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arc corresponding to BC. But the radius is equal to an sp g eq

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the arc which corresponds to BC, as 3 ×57, or 172°, to the number of degrees contained in the angle CAB, and consequently 2AC+AB: BC: ; 172°: the expression of the angle at A, or AC+}AB : BC :: 86°: number of degrees in the angle at A. This approximation will be the more correct, when the side opposite to the required angle becomes small in comparison with the hypotenuse; but the quantity of error can never amount to 4 minutes.


Three variable parts of an oblique angled triangle being given, to find the other two.

This general problem includes three distinct cases, one of which again is branched into two subordinate divisions.

1. When all the three sides are given.

2. When two sides and an angle are given ; which angle may either (1.) be contained by these sides, or (2.) subtended by one of them.

3. When a side and two of the angles are given.

The first case admits of four different solutions, derived from Propositions 11, 12, 13, and 14, and which have their several advantages. The second case, consisting of two branches, is resolved by the application of propositions 9 and 10 ; and the solution of the third case flows immediately from the former of these propositions.

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For the resolution of the first Case, the analogy set down first, is on the whole the most convenient, particularly if the angle sought do not approach to two right angles. The second analogy may be applied with obvious advantage through the entire extent of angles. The third and fourth analogies, especially the latter, are not adapted for the calculation of very acute angles; they will, however, answer the best when the angle sought is obtuse. It is to be observed, that the cosines of an angle and of its supplement are the same, only placed in opposite directions; and hence the second term of the analogy, or the difference of AB^+BC” from AC", is in excess or defect, according as the angle at B is acute or obtuse.—These remarks are founded on the unequal variation of the sine and tangent, corresponding to the uniform increase of an arc.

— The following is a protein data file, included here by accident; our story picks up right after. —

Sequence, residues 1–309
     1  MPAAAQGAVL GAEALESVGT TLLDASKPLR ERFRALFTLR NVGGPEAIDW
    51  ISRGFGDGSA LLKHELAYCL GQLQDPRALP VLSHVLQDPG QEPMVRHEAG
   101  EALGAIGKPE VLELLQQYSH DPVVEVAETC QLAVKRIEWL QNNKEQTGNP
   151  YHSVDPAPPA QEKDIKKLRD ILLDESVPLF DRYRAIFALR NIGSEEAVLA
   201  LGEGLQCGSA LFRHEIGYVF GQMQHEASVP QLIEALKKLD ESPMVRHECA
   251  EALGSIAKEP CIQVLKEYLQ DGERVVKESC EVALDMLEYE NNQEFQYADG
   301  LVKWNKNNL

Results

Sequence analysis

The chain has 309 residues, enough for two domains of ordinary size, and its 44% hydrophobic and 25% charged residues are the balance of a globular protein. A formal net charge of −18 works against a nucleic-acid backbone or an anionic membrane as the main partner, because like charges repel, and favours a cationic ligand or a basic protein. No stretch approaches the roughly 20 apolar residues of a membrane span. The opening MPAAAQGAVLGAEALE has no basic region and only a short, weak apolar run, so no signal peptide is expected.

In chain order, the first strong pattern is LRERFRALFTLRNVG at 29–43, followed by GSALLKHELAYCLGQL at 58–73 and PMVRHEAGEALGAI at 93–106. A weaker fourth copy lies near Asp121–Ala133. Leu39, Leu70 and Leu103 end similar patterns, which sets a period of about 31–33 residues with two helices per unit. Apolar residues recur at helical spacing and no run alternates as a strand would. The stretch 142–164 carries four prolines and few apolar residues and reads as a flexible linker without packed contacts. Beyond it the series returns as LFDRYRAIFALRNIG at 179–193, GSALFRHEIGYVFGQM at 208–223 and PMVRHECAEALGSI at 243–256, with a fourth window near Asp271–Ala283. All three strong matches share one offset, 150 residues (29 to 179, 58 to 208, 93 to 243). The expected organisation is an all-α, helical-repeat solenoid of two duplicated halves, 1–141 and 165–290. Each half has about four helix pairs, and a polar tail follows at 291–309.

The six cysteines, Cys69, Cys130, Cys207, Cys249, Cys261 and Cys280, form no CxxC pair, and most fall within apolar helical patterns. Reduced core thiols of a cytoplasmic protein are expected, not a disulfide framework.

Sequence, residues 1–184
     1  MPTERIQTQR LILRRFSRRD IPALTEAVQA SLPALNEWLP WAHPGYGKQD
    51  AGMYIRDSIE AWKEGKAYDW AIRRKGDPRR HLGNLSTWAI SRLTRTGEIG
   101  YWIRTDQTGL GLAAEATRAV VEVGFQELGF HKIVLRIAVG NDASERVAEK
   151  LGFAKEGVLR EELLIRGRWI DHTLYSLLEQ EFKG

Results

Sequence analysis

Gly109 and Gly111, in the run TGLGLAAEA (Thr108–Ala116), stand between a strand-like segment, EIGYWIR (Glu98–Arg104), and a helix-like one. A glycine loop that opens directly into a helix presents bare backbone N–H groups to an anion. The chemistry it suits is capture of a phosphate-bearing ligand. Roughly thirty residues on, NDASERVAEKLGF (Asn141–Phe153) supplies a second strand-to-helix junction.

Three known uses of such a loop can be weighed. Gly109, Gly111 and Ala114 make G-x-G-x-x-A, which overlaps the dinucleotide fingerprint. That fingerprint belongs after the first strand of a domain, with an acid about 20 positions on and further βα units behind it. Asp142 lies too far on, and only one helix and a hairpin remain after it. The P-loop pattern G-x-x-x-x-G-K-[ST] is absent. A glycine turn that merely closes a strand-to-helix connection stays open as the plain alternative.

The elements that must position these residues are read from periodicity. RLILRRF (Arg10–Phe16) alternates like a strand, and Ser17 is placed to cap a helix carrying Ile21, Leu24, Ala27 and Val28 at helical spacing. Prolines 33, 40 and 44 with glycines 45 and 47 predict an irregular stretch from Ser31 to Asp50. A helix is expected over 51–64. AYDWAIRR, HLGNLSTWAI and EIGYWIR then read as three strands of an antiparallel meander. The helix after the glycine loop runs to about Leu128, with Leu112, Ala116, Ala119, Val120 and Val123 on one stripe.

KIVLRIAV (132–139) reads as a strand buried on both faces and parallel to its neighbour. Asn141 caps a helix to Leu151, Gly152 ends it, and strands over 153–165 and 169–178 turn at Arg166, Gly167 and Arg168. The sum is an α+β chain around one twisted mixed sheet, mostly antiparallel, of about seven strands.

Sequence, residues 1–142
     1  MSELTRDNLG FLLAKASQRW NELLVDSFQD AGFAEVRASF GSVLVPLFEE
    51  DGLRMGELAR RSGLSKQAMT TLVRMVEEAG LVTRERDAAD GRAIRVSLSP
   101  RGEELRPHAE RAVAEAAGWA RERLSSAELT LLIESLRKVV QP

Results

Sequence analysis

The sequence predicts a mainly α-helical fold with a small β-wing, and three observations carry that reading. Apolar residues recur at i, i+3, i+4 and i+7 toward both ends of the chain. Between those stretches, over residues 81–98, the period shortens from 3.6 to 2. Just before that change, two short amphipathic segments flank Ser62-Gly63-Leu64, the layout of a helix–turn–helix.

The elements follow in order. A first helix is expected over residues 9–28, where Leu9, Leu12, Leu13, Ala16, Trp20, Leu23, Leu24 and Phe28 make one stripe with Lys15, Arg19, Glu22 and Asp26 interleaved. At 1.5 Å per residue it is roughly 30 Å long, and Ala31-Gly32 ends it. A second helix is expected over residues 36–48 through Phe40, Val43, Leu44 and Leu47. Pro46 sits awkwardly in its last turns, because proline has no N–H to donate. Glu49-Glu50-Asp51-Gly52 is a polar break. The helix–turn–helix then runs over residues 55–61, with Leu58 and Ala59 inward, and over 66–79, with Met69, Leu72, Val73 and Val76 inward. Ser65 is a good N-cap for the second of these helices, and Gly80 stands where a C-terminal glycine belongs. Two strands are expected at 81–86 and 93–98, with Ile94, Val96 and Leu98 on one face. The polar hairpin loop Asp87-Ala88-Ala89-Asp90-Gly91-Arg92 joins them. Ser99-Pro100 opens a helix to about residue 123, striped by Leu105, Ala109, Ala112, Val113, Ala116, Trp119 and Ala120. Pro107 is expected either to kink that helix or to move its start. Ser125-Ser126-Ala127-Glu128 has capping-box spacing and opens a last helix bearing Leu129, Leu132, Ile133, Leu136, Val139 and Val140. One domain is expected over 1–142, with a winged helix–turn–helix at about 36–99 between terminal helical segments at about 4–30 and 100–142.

The first part of Case II. is ambiguous, for an arc and its supplement have the same sine. This ambiguity, however, is removed if the character of the triangle, as acute or obtuse, be previously known.

For the solution of the second part of Case II. the first analogy is the most usual, but the double analogy is the best adapted for logarithms. In astronomy, this mode of calculation is particularly commodious. The direct expression for the side subtending the given angle is very convenient, where logarithms are not employed.



Given the horizontal distance of an object and its angle of elevation, to find its height and absolute distance.

Let the angle ABC, which an object A makes at the station B, with an horizontal line, and also the distance BC of a perpendicular AC, to find \

that perpendicular, and the hy- -
potenusal or aerial distance B.A. -
: In the right-angled triangle _T

BCA, the radius is to the tan- * —. gent of the angle at B, as BC to AC; and the radius is to the secant of the angle at B, or the cosine of the angle at B is to the radius, as BC to AB.


Given the acclivity of a line, to find its corresponding vertical and horizontal length.

In the preceding figure, the angle CBA and the hypotenusal distance BA being given to find the height and f, the horizontal distance of the extremity A. * The triangle BCA being right angled, the radius is to the sine of the angle CBA as BA to AC, and the radius is to the cosine of CBA as BA to BC.

Scholium. If the acclivity be small, and A denote the

measure of that angle in minutes; then AC=BAx _A_


nearly. But the expression for AC, will be rendered

more accurate, by subtracting from it, as thus found, the 3.

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In most cases when CBA is a small angle, the horizontal . .

distance may be computed with sufficient exactness, by deAC” 2BA potenusal distance,


, or BAx A* x.000,000,0423, from the hy


Given the interval between two stations, and the direction of an object viewed from them, to find its distance from each.

Let BC be given, with the angles ABC and ACB, to calculate AB and AC. -

In the triangle CBA, the angles ABC and ACB being given, the remaining or supplemental angle BAC is thence given; and consequently, sin BAC: sin ACB :: BC: AB, and sin BAC : sin ABC :: BC : AC.

Cor. If the observed angles ABC and ACB be each of them 60°, the triangle will be evidently equilateral ; and if the angle at - C the station B be right, and that at C half a right angle, the distance AB will be equal to the base BC.



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